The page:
Wednesday, 27 March 2013

Policy Engagement

This isn't specifically to do with organ policy, but this recent Guardian feature covers ten tips for academics seeking to engage with policymakers. I hope we can, for the most part, follow this advice in the course of the coming year (and beyond) of the RSE project.

Saturday, 23 March 2013

Munthe on Harvesting from Living Donors

This new piece by Walter Glannon challenges the almost universally accepted Dead Donor Rule (DDR), arguing that it can be ethically permissible to harvest organs from a donor before their death, provided that this does not harm them. An interesting, and provocative, thesis. I suspect that most of those who would resist harvesting organs from living donors could in fact accept this conditional, but would hold that removing someone's vital organs is always a harm.

Christian Munthe has offered some alternatives reasons to be sceptical of Glannon's conclusions on his blog, here. Munthe accepts that Glannon is right about the ethics - it is morally permissible to remove the person's organs in this case - but points out that we cannot simply conclude, from this, that the Dead Donor Rule is unjustified. The law is a somewhat blunt instrument, so sometimes it must prohibit all actions of a certain kind because not to do so would result in harm, even if some actions of the prohibited kind are morally permissible. Relaxing the Dead Donor Rule, Munthe suggestions, might weaken socially useful prohibitions on killing in other cases, and thus the law justifiably prevents harvesting from living donors, in order to prevent greater evil.

I'm not sure what I think of this particular case - I'm inclined to agree with Munthe, but haven't yet read Glannon's piece (only Munthe's summary of it) - but it's a useful reminder of the general point that law or policy cannot simply be ethics; we need to attend to institutional matters.

Monday, 18 March 2013

Transplanting Disease

It's well known that organ transplants can save lives. It is, sadly, also true that they can cost lives - and not only through surgery. I reported last year on the case of a young woman who died of lung cancer after receiving a smoker's lungs. In the US, one man has died and three others are receiving treatment after being given organs from a donor who died of rabies in 2011. Again, this is a tragic case, but - lest donation rates be harmed by negative publicity - it's worth stressing the concluding statement that the benefits of organ donation generally outweigh the risks: even those who die due to an infected transplant may well have died without it.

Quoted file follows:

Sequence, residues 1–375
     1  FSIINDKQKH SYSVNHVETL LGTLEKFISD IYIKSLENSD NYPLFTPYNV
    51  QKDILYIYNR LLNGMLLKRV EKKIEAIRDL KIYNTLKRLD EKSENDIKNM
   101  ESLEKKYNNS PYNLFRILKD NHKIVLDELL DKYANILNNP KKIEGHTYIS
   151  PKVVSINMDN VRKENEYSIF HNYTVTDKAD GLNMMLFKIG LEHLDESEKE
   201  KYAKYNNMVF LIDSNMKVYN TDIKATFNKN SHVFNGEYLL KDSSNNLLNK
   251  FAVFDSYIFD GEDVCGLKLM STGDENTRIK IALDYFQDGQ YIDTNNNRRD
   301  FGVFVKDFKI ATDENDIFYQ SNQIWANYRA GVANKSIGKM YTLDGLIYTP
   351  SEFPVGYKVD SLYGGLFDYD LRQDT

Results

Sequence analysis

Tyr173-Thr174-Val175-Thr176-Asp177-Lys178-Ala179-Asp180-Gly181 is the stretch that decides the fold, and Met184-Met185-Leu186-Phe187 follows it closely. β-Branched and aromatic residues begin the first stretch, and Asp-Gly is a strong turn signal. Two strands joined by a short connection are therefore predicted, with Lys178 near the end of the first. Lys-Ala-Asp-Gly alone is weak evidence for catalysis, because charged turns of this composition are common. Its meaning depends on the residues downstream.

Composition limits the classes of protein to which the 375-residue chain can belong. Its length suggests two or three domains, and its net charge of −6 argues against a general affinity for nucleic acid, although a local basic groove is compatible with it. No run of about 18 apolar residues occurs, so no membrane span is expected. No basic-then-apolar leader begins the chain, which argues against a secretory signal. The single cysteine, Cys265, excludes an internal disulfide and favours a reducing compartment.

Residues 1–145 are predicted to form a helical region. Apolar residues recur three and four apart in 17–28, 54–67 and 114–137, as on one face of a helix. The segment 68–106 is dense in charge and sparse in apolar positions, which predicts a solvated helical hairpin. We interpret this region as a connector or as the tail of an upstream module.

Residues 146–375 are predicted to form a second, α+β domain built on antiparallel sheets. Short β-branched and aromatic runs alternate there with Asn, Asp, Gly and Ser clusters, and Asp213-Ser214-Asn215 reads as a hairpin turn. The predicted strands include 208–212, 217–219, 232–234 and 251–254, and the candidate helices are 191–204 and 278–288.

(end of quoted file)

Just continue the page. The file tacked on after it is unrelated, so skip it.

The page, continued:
Saturday, 16 March 2013

Warm Transplants

Organs need to be transplanted very quickly, since they soon deteriorate when deprived of oxygen. The normal procedure is to cool them to prevent this deterioration, though this freezing may itself cause damage. Surgeons in London have recently achieved a first: the transplant of a 'warm' liver.

Here, the liver was kept alive, and at body temperature, artificially, being supplied with oxygenated blood and nutrients. This allows the liver to be preserved for up to 24 hours, rather than having to be transplanted within 10-12 hours: so speed is still important, but this is a considerable increase in the timeframe.

Monday, 4 March 2013

Priority for Donors

Last night, the following query was posted on the Philos-L mailing list:
In a recent book, "The Ethics of Transplants", Janet Radcliffe Richards proposes that organ donors should get preferential treatment on the donor waiting list compared to those who refuse to donate their organs. This seems to be to be a relatively commonsense, "anti-hypocrisy" measure. Indeed, it is so commonsense that I cannot help but feel that this proposal has been made elsewhere. Unfortunately, I have reached a dead-end in researching this idea; most discussion regarding hypocrisy in organ donation, sadly, revolves around organ selling.
Can someone point me in the direction of other bioethicists who have proposed a similar position regarding punishing those who refuse post-death organ donation?

I'm no expert on where this idea first came from, but I sent him a recent paper of mine from Bioethics which touches on the issue and has a couple of relevant references (in footnotes 21-22). Apparently, such a priority scheme already exists in Israel. An ethical analysis of this policy appeared in the journal Transplantation last year: here.

Needless to say, this is the kind of policy proposal that I'm very interested in exploring...